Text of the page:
Increase in hyaluronic acid production, produces an improvement in the appearance of the skin.
Selective Oestrogen Receptor Modulators. There are two types of oestrogen receptors:
Alpha-receptors: present in the breasts, uterus, ovaries, testicles and liver. The continuous union of oestrogens to these receptors predispose the development of tumours; they are carcinogenic. The phytoestrogens that join to the alpha-receptors avoid oestrogen from joining them, working as alpha-receptor blockers; therefore, helping reduce the risk of cancer.
Beta-receptors: present in some blood cells, lungs, prostate, bladder, bones and the thymus, they are responsible of the beneficial effects. The phytoestrogens join to these receptors when the quantity of oestrogen is low. They work by imitating the action of oestrogens.
The affinity of isoflavones to these receptors is determined by the chemical structure, which although isn’t derived from cholesterol, is very similar to animal oestrogen. The affinity of phytoestrogens to beta-receptors is 30 times greater than to alpha-receptors, which is why they are considered selective modulators of said receptors.

Soya is a protein-rich food; it contains almost all of the essential amino acids that the body needs to manufacture its own proteins. It is rich in lecithin and both omega-3 and omega-6 fatty acids. It provides minerals such as iron, copper, magnesium, phosphorus, potassium and manganese and vitamins such as vitamin K, thiamine, riboflavin and folate. Its sodium content is low. Its fibre content is high, which facilitates the intestinal transit.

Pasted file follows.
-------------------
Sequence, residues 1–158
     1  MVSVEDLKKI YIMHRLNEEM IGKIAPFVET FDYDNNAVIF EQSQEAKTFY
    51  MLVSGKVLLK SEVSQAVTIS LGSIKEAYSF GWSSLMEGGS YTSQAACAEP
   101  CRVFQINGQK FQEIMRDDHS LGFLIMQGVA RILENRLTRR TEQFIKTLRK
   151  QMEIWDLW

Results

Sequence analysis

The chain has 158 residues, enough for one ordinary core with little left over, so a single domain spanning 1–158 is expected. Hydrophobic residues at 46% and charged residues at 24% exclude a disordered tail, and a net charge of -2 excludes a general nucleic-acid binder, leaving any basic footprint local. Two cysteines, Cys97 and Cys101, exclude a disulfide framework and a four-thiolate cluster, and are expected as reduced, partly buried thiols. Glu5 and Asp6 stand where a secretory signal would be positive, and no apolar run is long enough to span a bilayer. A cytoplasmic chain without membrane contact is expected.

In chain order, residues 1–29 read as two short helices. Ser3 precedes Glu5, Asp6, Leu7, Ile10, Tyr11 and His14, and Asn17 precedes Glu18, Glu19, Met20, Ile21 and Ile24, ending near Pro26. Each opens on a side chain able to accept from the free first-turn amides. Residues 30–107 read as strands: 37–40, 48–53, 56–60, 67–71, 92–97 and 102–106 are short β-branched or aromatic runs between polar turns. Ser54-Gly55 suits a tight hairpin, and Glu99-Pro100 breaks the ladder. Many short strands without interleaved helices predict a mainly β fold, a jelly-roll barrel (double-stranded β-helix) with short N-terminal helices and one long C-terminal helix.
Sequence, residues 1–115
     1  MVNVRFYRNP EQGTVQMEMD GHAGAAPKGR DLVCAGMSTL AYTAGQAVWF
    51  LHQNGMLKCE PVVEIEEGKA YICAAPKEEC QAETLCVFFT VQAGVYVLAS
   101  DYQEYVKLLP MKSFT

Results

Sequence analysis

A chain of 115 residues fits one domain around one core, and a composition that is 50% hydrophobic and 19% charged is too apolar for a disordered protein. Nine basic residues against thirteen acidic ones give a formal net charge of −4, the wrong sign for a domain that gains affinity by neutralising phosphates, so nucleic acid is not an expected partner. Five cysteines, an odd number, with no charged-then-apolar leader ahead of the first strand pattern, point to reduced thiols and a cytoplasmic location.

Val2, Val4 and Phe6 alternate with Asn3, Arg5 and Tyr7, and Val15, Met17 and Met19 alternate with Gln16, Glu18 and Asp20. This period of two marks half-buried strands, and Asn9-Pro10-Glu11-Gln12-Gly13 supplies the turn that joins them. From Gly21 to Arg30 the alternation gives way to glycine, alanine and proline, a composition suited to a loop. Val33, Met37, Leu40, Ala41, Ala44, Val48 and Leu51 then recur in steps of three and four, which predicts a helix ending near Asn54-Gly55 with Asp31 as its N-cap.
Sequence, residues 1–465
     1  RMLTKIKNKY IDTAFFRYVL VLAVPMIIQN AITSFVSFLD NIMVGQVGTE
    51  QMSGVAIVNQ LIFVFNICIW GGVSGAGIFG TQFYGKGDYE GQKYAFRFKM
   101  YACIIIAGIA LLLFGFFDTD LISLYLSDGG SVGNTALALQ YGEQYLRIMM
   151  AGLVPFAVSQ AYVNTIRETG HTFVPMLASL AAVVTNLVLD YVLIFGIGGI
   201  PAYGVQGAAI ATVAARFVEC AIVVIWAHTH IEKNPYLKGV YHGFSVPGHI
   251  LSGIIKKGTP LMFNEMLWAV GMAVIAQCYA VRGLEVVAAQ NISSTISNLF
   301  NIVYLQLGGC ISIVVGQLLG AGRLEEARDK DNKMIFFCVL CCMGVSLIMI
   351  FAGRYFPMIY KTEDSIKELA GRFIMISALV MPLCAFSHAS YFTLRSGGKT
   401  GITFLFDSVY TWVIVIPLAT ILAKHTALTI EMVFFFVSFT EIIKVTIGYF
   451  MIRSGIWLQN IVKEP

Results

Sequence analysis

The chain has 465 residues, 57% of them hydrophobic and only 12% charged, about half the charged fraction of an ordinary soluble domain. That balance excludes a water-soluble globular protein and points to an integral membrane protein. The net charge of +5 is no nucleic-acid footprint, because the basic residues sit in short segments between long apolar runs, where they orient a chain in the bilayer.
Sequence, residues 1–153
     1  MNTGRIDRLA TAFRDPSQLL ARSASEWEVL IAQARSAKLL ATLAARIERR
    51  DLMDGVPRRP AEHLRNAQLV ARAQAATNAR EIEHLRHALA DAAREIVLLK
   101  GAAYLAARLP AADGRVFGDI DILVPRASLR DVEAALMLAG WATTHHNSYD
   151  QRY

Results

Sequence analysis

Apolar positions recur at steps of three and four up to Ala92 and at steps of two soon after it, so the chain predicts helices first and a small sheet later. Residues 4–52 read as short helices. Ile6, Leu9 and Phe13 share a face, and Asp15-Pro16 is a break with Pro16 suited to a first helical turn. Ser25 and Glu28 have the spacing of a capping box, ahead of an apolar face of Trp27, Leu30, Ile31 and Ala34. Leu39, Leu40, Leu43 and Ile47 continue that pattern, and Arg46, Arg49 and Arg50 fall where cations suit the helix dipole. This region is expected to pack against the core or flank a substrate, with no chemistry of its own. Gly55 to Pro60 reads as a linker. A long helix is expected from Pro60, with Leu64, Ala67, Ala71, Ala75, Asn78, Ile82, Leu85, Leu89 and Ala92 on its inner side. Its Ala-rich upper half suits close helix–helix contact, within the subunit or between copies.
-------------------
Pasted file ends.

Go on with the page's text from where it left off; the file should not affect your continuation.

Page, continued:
Soya is one of the richest foods in isoflavones, vegetable derived compounds with beneficial health effects.

A recent study showed that isoflavones have powerful anti-oxidant properties, comparable to that of vitamin E. These anti-oxidant benefits can help reduce the risk of cancer in the long run. Genistein is the most powerful anti-oxidant amongst soy isoflavones, followed by daidzen.
Scientists of the IMABIS Foundation of Malaga, made available to the Spanish Biomedical Research Centre in Physiopathology of Obesity and Nutrition (Centro de Investigación Biomédica en Red-Fisiopatología de la Obesidad y Nutrición: CIBERObn), have revealed the protective properties of soy isoflavones against weight gain, the activation of thermogenic brown fat, or the reduction of associated hepatic steatosis.
These facts are the results of a study tested on animals published by the “British Journal of Pharmacology”. If its similarity to humans is accepted, it would suppose “a new therapeutic path against obesity using, rather than pharmaceuticals, this active ingredient of soya”, explains IMABIS. For many years natural elements have been considered beneficial towards health and this finding “reinforces this theory”. Furthermore, isoflavones have anti-oxidant powers, anti-carcinogenic and protective properties of the osseous or coronary system. Isoflavones act as analogues of determined hormones that are secreted by the human body, such as oestrogens.